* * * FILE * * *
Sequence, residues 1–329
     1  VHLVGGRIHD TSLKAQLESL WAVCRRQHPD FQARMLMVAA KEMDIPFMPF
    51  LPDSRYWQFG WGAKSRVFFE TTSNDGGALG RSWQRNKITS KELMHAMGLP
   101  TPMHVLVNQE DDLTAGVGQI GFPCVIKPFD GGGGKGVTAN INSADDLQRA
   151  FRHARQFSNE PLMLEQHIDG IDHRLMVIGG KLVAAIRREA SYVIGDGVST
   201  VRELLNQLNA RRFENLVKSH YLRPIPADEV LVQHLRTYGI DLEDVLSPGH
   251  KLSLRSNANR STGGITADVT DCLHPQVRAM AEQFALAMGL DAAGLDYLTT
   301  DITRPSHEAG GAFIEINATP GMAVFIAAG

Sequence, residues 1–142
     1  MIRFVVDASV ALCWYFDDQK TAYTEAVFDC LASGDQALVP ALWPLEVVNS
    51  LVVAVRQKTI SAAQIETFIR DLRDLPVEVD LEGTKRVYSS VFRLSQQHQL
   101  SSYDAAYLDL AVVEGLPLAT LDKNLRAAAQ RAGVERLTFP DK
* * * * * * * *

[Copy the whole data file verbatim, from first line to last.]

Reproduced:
Sequence, residues 1–329
     1  VHLVGGRIHD TSLKAQLESL WAVCRRQHPD FQARMLMVAA KEMDIPFMPF
    51  LPDSRYWQFG WGAKSRVFFE TTSNDGGALG RSWQRNKITS KELMHAMGLP
   101  TPMHVLVNQE DDLTAGVGQI GFPCVIKPFD GGGGKGVTAN INSADDLQRA
   151  FRHARQFSNE PLMLEQHIDG IDHRLMVIGG KLVAAIRREA SYVIGDGVST
   201  VRELLNQLNA RRFENLVKSH YLRPIPADEV LVQHLRTYGI DLEDVLSPGH
   251  KLSLRSNANR STGGITADVT DCLHPQVRAM AEQFALAMGL DAAGLDYLTT
   301  DITRPSHEAG GAFIEINATP GMAVFIAAG

Sequence, residues 1–142
     1  MIRFVVDASV ALCWYFDDQK TAYTEAVFDC LASGDQALVP ALWPLEVVNS
    51  LVVAVRQKTI SAAQIETFIR DLRDLPVEVD LEGTKRVYSS VFRLSQQHQL
   101  SSYDAAYLDL AVVEGLPLAT LDKNLRAAAQ RAGVERLTFP DK